The Joplin Globe, Joplin, MO

Globe Life

September 4, 2009

Review: Book offers humorous explanation of weather

Anyone who works at a reference desk can tell you stories about the different types of questions people ask. Some are routine, some are a puzzle and others peak your interest, making you want to know more about the subject

I recently was asked a want-to-know-more question. The request was for information about a storm that came through Oklahoma and Missouri in November, 1911. The storm hit on Nov. 11 and spread across much of the middle of the country.

According to the Joplin Globe and Joplin News Herald (the library has the newspaper on microfilm back to March 1877), the day was warm with a “soft and balmy southern breeze.”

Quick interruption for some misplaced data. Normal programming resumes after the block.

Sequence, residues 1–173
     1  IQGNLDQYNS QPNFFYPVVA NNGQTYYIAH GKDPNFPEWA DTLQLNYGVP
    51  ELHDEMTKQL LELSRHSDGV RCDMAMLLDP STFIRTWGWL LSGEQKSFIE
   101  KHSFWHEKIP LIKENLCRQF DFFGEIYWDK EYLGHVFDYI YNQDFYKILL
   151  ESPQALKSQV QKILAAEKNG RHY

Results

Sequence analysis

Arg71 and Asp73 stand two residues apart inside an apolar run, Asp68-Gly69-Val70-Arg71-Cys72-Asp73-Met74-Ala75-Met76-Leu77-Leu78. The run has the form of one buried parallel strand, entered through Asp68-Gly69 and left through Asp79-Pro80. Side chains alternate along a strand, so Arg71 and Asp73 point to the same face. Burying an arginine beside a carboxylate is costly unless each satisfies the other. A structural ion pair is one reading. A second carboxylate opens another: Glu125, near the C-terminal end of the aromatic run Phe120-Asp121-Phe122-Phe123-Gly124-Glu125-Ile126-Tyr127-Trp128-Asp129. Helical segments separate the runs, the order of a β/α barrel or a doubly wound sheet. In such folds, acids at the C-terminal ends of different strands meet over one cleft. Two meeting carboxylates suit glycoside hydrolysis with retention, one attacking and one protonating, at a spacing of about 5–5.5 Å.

Things changed drastically when the temperature dropped 50 degrees in 25 minutes. The drop from a “balmy” 82 degrees at 2 p.m. to 19 degrees by 7 p.m. was accompanied by high winds, rain, hail and a blizzard.

I wondered what forces came together to produce such a drastic change and turned to Dennis DiClaudio to find some answers.

DiClaudio has written a book called “Man vs. Weather: Be Your Own Weatherman.” Easy to read and full of information, this book helped me understand how a November day can go from warm and balmy to a blizzard in just a few hours.

DiClaudio is an improvisational comedian as well as a writer, and it shows in his writing style. This look at weather is given in a breezy (no pun intended), conversational style that sometimes turns into a monologue.

He starts our introduction into weather much the same way that day went in 1911. The reader is safely enjoying this little book when a lightning bolt crashes through the roof, striking the floor in front of the recliner. The deluge of rain coming through the hole in the roof puts out the fire but then comes the wind, hail, and a tornado.

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